What is BEPS 2.0? OECD’s Two-Pillar Plan and Possible Impact on Multinational Enterprises

Posted by Written by Zoey Zhang Reading Time: 5 minutes

We explain what is BEPS 2.0, its framework for fairer distribution of global taxing rights, especially with respect to large multinational enterprises, and China’s exposure to these reforms on international taxation.

To address the base erosion and profit shifting (BEPS) risks arising from the digitalization of the global economy, the Organization for Economic Cooperation and Development (OECD) issued a statement on July 1, 2021, on reworking the framework for international tax reform.

Commonly referred to as BEPS 2.0, the new framework aims to ensure a fairer distribution of taxing rights is established with respect to the profits of large multinational enterprises (MNEs) and to set a global minimum tax rate.

As of July 9, 132 member jurisdictions out of 139 have agreed to the OECD/G20 Inclusive Framework on BEPS, including Mainland China and Hong Kong.

Such a broad consensus on the BEPS 2.0 framework marks a significant breakthrough in the OECD’s work over the years. The organization now seeks to finalize the technical details of the BEPS 2.0 package by October 2021 and implement the package in 2023.

The BEPS 2.0 represents the “first substantial renovation of the international tax rules in almost a century” and is expected to have far-reaching impact on many ‘tax-friendly’ countries and MNEs.

What is BEPS 2.0? Understanding the two-pillar plan

The BEPS 2.0 package consists of two parts, which is also called the two pillars:

  • Pillar One is focused on profit allocation and nexus; and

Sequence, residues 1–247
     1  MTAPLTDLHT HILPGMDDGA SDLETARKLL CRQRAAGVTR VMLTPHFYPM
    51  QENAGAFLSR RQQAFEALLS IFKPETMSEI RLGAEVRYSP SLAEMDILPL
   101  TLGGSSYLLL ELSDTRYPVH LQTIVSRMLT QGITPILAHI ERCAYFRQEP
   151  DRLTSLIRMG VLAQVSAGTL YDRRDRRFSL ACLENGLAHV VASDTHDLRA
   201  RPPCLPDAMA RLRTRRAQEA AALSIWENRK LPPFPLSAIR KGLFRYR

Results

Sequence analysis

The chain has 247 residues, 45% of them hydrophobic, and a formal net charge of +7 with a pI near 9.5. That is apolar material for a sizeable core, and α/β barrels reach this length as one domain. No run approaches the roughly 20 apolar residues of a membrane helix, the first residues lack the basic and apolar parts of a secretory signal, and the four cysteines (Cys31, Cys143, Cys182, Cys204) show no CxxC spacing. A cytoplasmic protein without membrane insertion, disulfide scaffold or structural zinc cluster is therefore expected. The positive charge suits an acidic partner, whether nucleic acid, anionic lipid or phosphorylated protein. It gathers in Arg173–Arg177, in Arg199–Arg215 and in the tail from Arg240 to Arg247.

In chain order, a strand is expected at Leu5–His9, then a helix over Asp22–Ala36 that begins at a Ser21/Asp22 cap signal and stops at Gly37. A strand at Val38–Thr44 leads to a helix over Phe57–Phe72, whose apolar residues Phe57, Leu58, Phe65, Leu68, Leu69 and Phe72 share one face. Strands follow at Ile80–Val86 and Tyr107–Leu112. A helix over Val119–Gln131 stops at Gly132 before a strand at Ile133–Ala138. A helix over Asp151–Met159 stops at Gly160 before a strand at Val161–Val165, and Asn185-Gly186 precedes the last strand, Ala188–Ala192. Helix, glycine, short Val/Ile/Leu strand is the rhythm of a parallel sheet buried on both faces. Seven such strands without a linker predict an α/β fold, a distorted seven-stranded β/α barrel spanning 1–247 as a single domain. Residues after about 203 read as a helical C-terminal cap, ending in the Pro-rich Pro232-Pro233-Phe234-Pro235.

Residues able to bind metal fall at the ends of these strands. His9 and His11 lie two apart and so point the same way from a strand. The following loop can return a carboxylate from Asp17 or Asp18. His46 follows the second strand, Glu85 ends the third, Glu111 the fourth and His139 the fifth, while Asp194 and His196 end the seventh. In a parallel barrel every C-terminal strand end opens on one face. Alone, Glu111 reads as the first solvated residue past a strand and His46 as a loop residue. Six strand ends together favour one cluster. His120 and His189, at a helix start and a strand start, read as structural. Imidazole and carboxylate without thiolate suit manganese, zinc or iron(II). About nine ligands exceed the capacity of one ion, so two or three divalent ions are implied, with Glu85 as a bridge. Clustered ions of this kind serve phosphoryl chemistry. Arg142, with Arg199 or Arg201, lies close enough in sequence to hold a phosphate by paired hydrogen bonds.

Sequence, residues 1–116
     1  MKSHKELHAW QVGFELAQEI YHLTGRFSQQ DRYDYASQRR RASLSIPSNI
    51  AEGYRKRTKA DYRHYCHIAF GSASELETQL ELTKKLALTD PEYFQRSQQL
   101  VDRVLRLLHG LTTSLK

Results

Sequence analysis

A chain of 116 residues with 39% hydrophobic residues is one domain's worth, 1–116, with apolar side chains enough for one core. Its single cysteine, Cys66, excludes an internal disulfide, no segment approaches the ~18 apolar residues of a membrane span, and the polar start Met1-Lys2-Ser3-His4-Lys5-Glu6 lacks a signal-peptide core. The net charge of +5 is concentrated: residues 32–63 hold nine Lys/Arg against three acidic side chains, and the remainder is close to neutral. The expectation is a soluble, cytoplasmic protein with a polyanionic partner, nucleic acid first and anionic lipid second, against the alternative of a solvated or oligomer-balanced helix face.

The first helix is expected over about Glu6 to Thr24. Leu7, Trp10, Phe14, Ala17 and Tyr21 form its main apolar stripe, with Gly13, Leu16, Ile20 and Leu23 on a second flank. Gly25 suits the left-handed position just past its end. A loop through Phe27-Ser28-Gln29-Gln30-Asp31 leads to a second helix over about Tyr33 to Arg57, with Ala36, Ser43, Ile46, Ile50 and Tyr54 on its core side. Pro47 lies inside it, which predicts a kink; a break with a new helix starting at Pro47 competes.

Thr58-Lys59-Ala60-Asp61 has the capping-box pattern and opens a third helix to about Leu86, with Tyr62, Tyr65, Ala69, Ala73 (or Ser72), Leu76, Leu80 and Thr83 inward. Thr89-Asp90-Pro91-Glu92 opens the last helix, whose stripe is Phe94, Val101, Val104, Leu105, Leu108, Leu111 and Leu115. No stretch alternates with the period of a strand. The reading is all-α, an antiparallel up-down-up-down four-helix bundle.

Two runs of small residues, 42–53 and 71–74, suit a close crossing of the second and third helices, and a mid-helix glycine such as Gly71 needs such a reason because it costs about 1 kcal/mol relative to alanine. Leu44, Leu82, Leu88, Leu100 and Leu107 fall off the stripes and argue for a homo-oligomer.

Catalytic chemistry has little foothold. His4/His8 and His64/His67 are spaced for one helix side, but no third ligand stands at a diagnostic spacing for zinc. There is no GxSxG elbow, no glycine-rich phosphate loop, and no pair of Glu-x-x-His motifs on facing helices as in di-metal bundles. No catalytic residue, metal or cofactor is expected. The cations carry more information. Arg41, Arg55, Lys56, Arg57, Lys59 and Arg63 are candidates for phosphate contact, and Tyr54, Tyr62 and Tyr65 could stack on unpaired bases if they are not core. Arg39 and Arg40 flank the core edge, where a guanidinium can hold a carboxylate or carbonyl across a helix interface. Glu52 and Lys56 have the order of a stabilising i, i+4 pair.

• Pillar Two is focused on a global minimum tax.

Pillar One – profit allocation and nexus

Simply put, the aim of Pillar One is to make MNE groups pay taxes in the countries where they have users, even if they have no commercial presence there.

Initially, Pillar One was focused on taxing highly digitized businesses, which provide cross-border digital services. The scope was then broadened to include certain consumer-facing businesses.

Now it is targeting the largest and most profitable MNEs. According to the OECD’s statement, all MNE groups with global turnover above €20 billion and profitability above 10 percent (profit before tax) are targeted by Pillar One. (The threshold will be reduced to €10 billion after seven to eight years contingent on successful implementation. Extractive industries and regulated financial services are excluded from the Pillar One scope.)

The key elements of Pillar One can be grouped into two components: a new taxing right for market jurisdictions (where customers are based) over a share of residual profit calculated at an MNE group level (“Amount A”) and a fixed return for certain baseline routine marketing and distribution activities (“Amount B”).

The plan proposed that a certain portion (20 to 30 percent) of the residual profit (profit exceeding a 10-percent margin) of these MNEs should be taxed in the market jurisdictions.

It is estimated that Pillar One will impact 78 of the world’s 500 largest companies. Major international technology enterprises will account for around 45 percent – or US$39 billion – of the estimated total allocation of profits of US$87 billion (Amount A) that will be subject to scrutiny under Pillar One.

Before, EU countries struggled to reach consensus on unified digital tax rules, and over 20 countries around the world have either proposed, announced, or enacted their own digital service tax (DST) to tax overseas tech giants.

Thus, the OECD Statement confirms that Pillar One will replace the countries’ unilateral measures on implementing the DST. However, the Statement is silent on the timing for when the removal of all DSTs should occur.

Pillar Two – global minimum taxation

Pillar Two sets a global minimum tax rate (that is at least 15 percent) and targets large MNE groups with global turnover above €750 million.

Under Pillar Two, if the jurisdictional effective tax rate of an MNE group is below the global minimum tax rate, its parent or subsidiary companies will be required to pay top-up tax in the jurisdictions they’re located to meet the shortfall.